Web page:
Each and every December my Mom cautioned me, my sisters, and brothers in her most sad, prudent voice. “This Christmas, there are not going to be as many presents as last year.”
Perhaps she was worried about spending too much money on presents. Perhaps she was trying to keep our expectations in check. Or maybe she was just tired of shopping. If you are in the same boat as my Mom, here are my top five solutions to cope.
1. Hold a White Elephant Gift Exchange instead of everyone trading gifts with everyone else. Setting the gift target low, like $10 each, emphasizes the comical nature of the exchange and depressurizes familial relationships.
How it works: everyone buys a gift that fits with the target spending amount, in this case $10. The gift should be appropriate for anyone in the family. Each person brings their gift wrapped and completely unmarked to the exchange, then puts their name into a hat. The first person whose name is drawn gets first pick of the presents. The second name drawn can either “steal” the opened present or unwrap a new one. The third person can “steal” either of the opened gifts or try their luck with a wrapped one. If your gift is stolen, you can’t steal it back, but you can steal another gift that has been opened or you can open a new gift.
Tip: I find the most fun exchanges are when participants encourage stealing. But keep in mind a gift can only be stolen twice. The third owner is the final owner.
The stealing and unwrapping continues until everyone’s name has been drawn. That’s when the first person who went (who never got a chance to steal) may make one last steal, which sets off a chain reaction of other steals. Or, they can chose to keep their current gift.
Tip: Couples or roommates can work together to secure coveted presents for the other.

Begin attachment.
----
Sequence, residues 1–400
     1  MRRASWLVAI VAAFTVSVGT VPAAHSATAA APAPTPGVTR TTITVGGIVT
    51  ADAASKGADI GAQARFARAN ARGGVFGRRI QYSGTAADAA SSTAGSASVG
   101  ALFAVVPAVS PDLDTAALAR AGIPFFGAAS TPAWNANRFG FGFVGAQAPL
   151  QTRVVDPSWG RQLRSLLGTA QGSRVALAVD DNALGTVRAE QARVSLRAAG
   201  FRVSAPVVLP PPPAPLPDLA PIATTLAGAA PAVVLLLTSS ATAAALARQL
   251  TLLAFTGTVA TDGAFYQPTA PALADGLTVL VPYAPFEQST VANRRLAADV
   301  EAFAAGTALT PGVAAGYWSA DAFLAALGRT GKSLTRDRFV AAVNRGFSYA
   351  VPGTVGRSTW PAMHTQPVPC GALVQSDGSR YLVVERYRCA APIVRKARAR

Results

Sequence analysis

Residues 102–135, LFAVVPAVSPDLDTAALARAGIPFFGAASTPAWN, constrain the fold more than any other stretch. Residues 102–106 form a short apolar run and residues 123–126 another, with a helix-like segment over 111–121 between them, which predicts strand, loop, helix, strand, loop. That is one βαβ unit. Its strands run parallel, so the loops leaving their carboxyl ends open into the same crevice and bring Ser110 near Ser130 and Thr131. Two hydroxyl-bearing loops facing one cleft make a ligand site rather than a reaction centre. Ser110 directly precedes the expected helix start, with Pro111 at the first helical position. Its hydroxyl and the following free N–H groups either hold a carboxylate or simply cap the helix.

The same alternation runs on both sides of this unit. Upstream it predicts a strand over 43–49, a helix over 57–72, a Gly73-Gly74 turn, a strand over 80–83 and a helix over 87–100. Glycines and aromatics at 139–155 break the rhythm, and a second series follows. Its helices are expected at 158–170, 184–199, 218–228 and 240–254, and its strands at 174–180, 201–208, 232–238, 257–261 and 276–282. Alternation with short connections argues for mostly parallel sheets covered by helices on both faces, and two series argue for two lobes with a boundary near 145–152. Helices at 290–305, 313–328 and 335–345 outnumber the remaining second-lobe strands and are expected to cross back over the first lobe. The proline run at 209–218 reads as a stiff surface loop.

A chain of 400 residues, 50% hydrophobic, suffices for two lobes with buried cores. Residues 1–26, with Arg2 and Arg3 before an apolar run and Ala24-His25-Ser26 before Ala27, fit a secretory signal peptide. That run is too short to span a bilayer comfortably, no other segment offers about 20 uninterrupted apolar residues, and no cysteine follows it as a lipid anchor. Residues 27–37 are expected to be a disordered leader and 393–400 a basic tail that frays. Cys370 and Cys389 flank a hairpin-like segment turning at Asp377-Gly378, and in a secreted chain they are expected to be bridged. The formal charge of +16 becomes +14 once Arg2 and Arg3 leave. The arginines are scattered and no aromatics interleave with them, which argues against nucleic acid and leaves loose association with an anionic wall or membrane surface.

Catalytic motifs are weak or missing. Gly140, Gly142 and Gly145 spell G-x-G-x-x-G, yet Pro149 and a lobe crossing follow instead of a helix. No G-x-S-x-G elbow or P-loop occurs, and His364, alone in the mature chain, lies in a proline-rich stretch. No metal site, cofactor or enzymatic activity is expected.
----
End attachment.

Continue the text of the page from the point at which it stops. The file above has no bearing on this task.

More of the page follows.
In a White Elephant Gift Exchange, used, er, vintage gifts are totally acceptable as long as they are clean and in working condition. Any items that need batteries should have a fresh set in them.
Tip: This kind of gift exchange works best for groups of adults.
2. Forgo gifts for a day of volunteering or a family outing. Spending time with my family grows more important than receiving a physical gift each year. This Christmas, we are going ice skating together! Helping those less fortunate is a great way to remember just how fortunate you are.
Tip: If your family is immobile or spread across the country, a good alternative is for each person to make a charitable contribution in the family’s name. Share the charities everyone donated to, but not the amount.
3. Conduct an anonymous Secret Santa Exchange. A few weeks before the holiday, participating family members take turns drawing one name from a hat. If you draw your name or that of your partner/spouse, put it back and draw again. Buy a gift only for the person whose name you draw. Decide as a group what the spending limit will be, generally $10-$75.
Bring your gift wrapped and addressed to the recipient. But do not say who it is from. Secret Santa Exchanges are anonymous, though it often comes out who drew whom.
4. Go homemade. We’ve got lots of ideas for thoughtful homemade gifts. Homemade gifts are a great money saver, though they may require just as much time as hitting the malls.
5. Give the gift of time. Instead of spending cash, spend your time. Options include babysitting, yard work, running errands, picking up carpool shifts, dropping in with dinner, and household cleaning. Who says no to help?
How are you saving money this holiday season?